Glaucoma Risk Factors

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Dr. Guy Eakin

In this audio presentation, Dr. Guy Eakin, Vice President of Scientific Affairs at the BrightFocus Foundation discusses the risk factors associated with glaucoma. In addition, he talks about how you can promote general eye health. This information is designed for anyone who has glaucoma or is caring for a family member or friend who has this eye disease.

  • Dr. Guy Eakin: Today, I'm talking about glaucoma, the leading cause of irreversible vision loss and ultimately blindness.

    Now, I'm going to talk about risk factors for glaucoma and things you can do to optimize the heath of your eyes. Although scientists have not yet discovered a way to prevent people from developing glaucoma, there are a few ways to promote general eye health through a healthy lifestyle.

    So talking about risk factors, glaucoma can occur in anyone at any age. However, certain factors may put some people more at risk for developing this condition than others. So among the highest risk factors are race. Glaucoma is a leading cause of permanent blindness among people of African, Hispanic, or East Asian descent.

    Genetics, other than the genetics of race, glaucoma also tends to occur repeatedly in families and so has additional genetic components. And lastly, age. The prevalence of glaucoma increases with age, especially in people over age 60 or younger in people with other elevating risk factors such as genetics or race.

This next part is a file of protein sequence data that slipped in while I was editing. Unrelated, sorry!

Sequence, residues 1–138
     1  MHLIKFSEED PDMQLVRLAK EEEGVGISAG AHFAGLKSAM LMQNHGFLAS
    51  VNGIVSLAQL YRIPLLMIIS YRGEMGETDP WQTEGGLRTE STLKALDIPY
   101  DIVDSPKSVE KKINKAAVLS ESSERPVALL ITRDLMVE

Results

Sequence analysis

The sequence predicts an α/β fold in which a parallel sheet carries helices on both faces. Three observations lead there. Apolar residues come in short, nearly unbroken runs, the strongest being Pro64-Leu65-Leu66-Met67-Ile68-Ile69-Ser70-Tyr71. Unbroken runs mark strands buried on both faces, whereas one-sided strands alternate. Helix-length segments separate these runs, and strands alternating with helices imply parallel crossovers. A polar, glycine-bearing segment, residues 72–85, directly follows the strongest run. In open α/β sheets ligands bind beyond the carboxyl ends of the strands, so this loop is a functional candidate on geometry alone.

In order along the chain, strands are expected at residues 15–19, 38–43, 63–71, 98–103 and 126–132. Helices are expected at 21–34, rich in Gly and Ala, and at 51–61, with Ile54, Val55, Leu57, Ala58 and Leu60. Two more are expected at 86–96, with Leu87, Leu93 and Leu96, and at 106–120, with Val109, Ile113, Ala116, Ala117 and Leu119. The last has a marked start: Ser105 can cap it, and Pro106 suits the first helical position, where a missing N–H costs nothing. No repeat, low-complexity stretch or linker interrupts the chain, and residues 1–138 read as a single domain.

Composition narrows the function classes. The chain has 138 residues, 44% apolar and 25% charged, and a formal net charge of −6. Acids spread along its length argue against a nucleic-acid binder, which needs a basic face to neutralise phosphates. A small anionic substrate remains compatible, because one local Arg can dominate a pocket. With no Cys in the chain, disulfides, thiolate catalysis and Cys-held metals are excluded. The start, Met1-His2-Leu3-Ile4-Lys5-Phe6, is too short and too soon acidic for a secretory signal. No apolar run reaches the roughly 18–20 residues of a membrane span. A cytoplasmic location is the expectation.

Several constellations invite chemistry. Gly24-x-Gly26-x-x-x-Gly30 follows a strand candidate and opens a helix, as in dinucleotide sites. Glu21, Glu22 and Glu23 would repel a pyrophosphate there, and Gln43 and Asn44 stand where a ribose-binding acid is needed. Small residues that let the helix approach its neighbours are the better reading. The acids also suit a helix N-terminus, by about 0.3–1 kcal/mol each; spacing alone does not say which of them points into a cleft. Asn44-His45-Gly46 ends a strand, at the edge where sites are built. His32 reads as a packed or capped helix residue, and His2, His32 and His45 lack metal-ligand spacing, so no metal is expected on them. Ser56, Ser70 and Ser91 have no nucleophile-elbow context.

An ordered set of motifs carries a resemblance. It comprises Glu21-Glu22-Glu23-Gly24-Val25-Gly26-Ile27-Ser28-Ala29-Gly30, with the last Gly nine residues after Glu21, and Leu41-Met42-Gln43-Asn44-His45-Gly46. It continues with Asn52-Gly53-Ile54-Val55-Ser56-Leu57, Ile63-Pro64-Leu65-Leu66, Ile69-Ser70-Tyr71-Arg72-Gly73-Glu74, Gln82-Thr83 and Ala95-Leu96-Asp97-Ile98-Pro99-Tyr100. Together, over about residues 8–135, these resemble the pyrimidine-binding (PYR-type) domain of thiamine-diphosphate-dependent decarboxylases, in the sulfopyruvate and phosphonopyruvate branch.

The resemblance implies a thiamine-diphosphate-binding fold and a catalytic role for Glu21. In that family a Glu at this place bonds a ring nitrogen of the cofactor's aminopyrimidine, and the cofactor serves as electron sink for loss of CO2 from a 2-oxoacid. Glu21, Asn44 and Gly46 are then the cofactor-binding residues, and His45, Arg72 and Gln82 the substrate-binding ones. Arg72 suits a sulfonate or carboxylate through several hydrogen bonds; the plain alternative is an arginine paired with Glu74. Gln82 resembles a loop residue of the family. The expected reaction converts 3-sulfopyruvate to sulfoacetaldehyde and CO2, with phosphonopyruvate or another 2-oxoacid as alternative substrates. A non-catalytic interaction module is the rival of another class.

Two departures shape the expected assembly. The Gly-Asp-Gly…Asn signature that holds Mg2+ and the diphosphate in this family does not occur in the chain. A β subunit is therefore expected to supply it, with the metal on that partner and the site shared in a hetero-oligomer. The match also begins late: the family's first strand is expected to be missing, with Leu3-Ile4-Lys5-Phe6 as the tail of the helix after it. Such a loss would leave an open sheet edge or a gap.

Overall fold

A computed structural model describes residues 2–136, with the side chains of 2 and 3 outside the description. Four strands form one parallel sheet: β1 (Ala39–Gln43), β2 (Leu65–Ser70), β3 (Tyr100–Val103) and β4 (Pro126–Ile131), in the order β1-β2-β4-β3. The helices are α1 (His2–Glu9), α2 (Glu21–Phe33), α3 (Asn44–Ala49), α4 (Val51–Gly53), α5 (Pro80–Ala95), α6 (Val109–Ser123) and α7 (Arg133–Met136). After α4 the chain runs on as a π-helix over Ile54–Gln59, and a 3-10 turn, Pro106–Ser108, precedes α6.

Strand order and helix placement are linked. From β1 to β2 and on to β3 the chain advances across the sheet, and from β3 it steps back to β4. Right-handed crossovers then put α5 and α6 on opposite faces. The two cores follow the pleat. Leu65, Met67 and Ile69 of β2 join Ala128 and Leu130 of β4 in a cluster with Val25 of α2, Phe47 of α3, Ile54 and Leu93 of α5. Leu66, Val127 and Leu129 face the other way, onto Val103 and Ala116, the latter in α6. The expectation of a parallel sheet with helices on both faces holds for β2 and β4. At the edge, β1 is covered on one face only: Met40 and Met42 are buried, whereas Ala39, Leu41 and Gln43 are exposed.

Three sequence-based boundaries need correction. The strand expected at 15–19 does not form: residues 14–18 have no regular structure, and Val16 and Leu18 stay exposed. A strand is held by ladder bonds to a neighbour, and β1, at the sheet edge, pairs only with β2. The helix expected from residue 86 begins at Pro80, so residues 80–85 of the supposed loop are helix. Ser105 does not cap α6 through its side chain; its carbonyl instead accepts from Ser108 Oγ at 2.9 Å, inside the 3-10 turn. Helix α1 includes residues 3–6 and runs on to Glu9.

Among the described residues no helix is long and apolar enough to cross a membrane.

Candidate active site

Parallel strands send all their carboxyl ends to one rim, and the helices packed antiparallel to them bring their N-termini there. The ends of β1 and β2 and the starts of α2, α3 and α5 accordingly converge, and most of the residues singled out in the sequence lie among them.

It's important for everyone, including those at risk for glaucoma, to develop a relationship with both a primary care doctor as well as an eye care provider. These people can assist you by developing exercise programs or providing nutritional counseling. Regular exercise, in combination with a nutritious diet, may benefit your overall physical and mental wellbeing as well as help optimize the heath of your eyes.

    Here are a few things that you may wish to discuss with your doctor. First, regarding nutrition, it's important to eat a varied and healthy diet. At this time, there is very little scientific evidence suggesting the specific dietary vitamins and minerals or supplements might prevent glaucoma or delay its progress.

    However, carotenoids, antioxidants and vitamins A and D, as well as zinc and the omega-3 fatty acids, may all contribute to better vision. In addition, limit caffeine intake to moderate levels. There's some evidence that suggest that high amounts of caffeine may actually increase the pressure in your eye which is a risk factor for glaucoma.

    Try to exercise daily. Aerobic activities such as walking, swimming, or even working in the yard are all recommended. Do not smoke. Countless studies point to the harm smoking does to your lungs and to your heart. So although researcher has not yet found a connection between glaucoma and smoking, there is scientific evidence that shows that other eye diseases, such as macular degeneration, are much more prevalent in smokers.

    All of this said, the best thing you can do to prevent vision loss is schedule regular visits with your eye care provider for comprehensive eye exams. Tell your doctor your family medical history and bring all of your medications, including eyedrops, vitamins, and supplements, with you to your doctor's visits.

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